Cliffe Fort was built in the 1860's during a period of tension with our French neighbours. Its construction was problematic due to the marshy ground (its current flooded condition stands testimony to that), and even during its original construction changes to its design were necessary when the unfinished structure began to subside and crack. A variety of artillery was installed to support its neighbours at Coalhouse and Shornemead, perhaps the idea being to provide a deadly crossfire onto any presumptive Frenchie trying to sneak his way up the river with the intention of improving Gravesend and Tilbury by sacking and burning them. The construction cost £163000 and was marked by unpleasant conditions for its workers, the marshy conditions leading to outbreaks of malaria and bronchitis. During this construction period, the Chief Royal Engineer visited and wrote, 'The officers' quarters at Cliffe are a mere hut, an abominable stinking place in Summer, very cold and wet in Winter. It stands by the side of a foul ditch which cannot be cleaned, for the mere disturbing of its contents would endanger the health of the officers.'

Completed in 1870, the Fort saw nearly six decades of quiet service before being disarmed in 1927. During the Second Unpleasantness it was recommissioned to serve as an anti-aircraft battery on the approaches to London, and - considering the amount of times the capital was attacked from the Thames approach - probably saw a fair bit of action. It was also a base for the Royal Naval Auxiliary Service.

After the War, the Fort was sold to the aggregate works and was, for a time, the base of their Sailing Club before being abandoned to the elements. Now it is a brooding phantom, still braving the hostile elements and bitter environment, as though waiting for the day when it will be called back into action.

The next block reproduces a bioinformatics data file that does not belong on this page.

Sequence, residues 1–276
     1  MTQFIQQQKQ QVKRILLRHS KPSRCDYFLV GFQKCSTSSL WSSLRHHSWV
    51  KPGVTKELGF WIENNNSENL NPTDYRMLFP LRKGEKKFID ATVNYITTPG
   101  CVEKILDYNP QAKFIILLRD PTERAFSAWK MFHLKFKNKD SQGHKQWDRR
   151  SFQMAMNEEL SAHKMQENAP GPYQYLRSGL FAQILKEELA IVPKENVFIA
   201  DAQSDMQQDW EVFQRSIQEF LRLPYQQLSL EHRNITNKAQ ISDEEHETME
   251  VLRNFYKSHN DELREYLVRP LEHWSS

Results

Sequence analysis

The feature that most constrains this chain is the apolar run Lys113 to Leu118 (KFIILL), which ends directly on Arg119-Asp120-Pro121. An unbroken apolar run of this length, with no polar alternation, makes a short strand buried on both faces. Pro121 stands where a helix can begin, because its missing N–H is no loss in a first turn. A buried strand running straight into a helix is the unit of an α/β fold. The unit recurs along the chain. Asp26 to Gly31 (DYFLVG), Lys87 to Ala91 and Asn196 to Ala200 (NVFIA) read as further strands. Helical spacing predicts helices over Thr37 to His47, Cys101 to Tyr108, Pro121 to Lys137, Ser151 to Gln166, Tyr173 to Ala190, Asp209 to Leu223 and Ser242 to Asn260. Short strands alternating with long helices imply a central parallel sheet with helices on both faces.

Stepping away from the Fort and its haunting, daunting atmosphere, I briefly explore a curiosity on the mudflats, accessible thanks to the tide being low. It is the hull of a floundered ship, the Hans Egede.

This vessel was originally a schooner, built at Thuro, Denmark, in 1922. Sold to the Atlas Diesel Company in 1957, she settled in the Medway where she was used as a coal/grain hulk. In the late 60's, while being towed to Cubit's Town, she began to take on water and was towed to the mudflats next to Cliffe Fort, to be abandoned next to the remains of a floating jetty. There she has remained for the last half-century, and only in recent years has the stern started to collapse.

The sun is dropping to my west, casting a diffuse orange light across the marshes. Somewhere along the coast, not too far from where I stand between the Fort and the shipwreck, are the smaller remains of Shornemead Fort but my exploration of that particular relic will have to wait for another, more fortuitous occasion. Tiring of being the only human being within a Kentish radius of about two miles, I retrace my steps toward the hamlet, accosted only once by a group of curious ponies, startled on another occasion by a heron lifting from reeds next to my path. Darkness begins to embrace me as I finally arrive at the car left by the redundant church, yet another historic building abandoned to the vissicitudes of the modern world. Night will leave the marshes to the peace and quiet of pure solitude, and the Fort will stand obstinate guard over the desolate environment as it has since its Victorian heyday.

Even now the devastation is begun,
And half the business of destruction done,
Even now, methinks, as pondering here I stand,
I see the rural virtues leave the land, 
Down where yon anchoring vessel spreads the sail.'
                                           - Oliver Goldsmith, The Deserted Village

Further Reading:

Medway Abandoned Forts
Cliffe Fort
The Brennan Torpedo
Forts And Foreshores: The Other Side
Forts And Foreshores: The Return